‘M*A*S*H’ Theme Song: The Real Story Behind “Suicide is Painless”

Through early morning fog, I see visions of the things to be. And those things today, are updates on everyone’s favorite Captains and Majors and Corporals. M*A*S*H became a household favorite from film to show and gained fans around the world. Let’s take a look at the song that introduced each episode.

The helicopters taxiing in, the horn section bellows, the medics running into a place. It’s pretty eerie for the opening of a show that would be categorized as a situational comedy— or dramedy. So what gives?

About M*A*S*H

MASH, (aka M*A*S*H*),
MASH, (aka M*A*S*H*), from left: Donald Sutherland, Sally Kellerman, Elliott Gould, 1970, TM & Copyright ©20th Century Fox Film Corp. All rights reserved./Courtesy Everett Collection

M*A*S*H was one of the greatest pieces of television to ever hit. Premiering in September of 1972, the critically acclaimed show smashed viewing records and was nominated for over 100 Emmys during its 11-year run. Its final episode went on to draw the largest audience of any television show to date with a whopping 125 million viewers. Our guess is that some of you helped pad those numbers. Let’s not forget, the series was based on the 1970s motion picture of M*A*S*H directed by Robert Altman.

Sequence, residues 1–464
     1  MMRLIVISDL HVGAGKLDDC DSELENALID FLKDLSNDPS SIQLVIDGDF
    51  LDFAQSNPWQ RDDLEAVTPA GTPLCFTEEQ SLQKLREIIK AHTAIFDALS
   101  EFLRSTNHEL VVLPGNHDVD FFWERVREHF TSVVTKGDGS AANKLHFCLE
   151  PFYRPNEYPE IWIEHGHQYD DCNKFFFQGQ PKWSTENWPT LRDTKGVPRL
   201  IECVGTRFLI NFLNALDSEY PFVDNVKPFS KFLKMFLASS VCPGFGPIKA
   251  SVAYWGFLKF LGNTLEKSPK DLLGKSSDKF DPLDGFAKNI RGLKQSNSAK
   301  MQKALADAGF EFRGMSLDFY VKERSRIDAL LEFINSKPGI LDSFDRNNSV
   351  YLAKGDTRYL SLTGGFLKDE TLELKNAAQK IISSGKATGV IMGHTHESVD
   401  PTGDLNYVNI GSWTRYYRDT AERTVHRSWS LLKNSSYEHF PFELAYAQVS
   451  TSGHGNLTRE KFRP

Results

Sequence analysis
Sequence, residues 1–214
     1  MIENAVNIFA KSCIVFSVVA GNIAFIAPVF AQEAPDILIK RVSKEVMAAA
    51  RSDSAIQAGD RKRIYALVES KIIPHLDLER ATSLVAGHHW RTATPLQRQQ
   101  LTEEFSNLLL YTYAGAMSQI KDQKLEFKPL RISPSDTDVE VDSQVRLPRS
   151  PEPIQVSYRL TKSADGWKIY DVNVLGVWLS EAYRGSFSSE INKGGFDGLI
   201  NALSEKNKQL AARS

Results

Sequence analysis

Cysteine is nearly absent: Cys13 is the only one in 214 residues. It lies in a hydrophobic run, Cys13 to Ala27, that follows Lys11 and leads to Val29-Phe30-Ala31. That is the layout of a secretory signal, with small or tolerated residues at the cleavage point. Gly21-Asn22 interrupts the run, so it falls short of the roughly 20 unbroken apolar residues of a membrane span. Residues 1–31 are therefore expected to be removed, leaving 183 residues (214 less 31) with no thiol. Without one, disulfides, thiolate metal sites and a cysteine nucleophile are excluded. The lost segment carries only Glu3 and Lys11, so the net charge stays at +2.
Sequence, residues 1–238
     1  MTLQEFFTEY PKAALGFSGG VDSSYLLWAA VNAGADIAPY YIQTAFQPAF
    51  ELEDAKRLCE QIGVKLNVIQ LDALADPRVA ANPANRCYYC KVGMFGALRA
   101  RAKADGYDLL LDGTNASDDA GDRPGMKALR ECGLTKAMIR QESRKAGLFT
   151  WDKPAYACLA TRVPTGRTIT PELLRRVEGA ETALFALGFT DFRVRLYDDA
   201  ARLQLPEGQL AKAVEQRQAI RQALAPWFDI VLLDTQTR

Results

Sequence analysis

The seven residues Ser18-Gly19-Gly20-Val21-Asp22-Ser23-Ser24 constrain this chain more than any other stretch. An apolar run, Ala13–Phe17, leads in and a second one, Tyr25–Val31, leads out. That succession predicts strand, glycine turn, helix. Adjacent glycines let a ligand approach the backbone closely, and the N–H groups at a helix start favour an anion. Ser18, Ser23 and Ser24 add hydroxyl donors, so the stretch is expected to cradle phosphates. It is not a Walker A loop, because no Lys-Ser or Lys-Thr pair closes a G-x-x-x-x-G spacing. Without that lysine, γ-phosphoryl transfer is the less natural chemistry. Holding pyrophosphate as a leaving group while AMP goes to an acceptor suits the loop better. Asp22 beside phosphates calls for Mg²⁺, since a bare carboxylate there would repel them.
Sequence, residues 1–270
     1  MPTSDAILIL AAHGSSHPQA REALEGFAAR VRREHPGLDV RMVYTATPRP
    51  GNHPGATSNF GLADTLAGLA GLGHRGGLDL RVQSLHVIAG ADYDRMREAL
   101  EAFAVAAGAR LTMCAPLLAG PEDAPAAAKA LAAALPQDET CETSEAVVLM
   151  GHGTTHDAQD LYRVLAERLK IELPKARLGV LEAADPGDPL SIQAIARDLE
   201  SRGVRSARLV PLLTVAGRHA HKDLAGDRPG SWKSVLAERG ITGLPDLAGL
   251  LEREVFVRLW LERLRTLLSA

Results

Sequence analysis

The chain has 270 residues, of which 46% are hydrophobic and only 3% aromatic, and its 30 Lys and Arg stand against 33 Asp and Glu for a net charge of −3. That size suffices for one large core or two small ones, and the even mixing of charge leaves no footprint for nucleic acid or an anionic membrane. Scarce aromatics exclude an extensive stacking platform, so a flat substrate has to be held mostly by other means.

The show itself had humble beginnings. The series struggled in its first season and was even at the risk of being canceled.  However, in season two, CBS placed M*A*S*H in a better time slot, airing after the popular classic All in the Family. After this, the show took off. None of this could’ve been done without the creators masterfully crafting a unique brand of humor, blending hilarious slapstick with knee-slapping wit, all the while tackling some of the grimmest realities of the Korean war.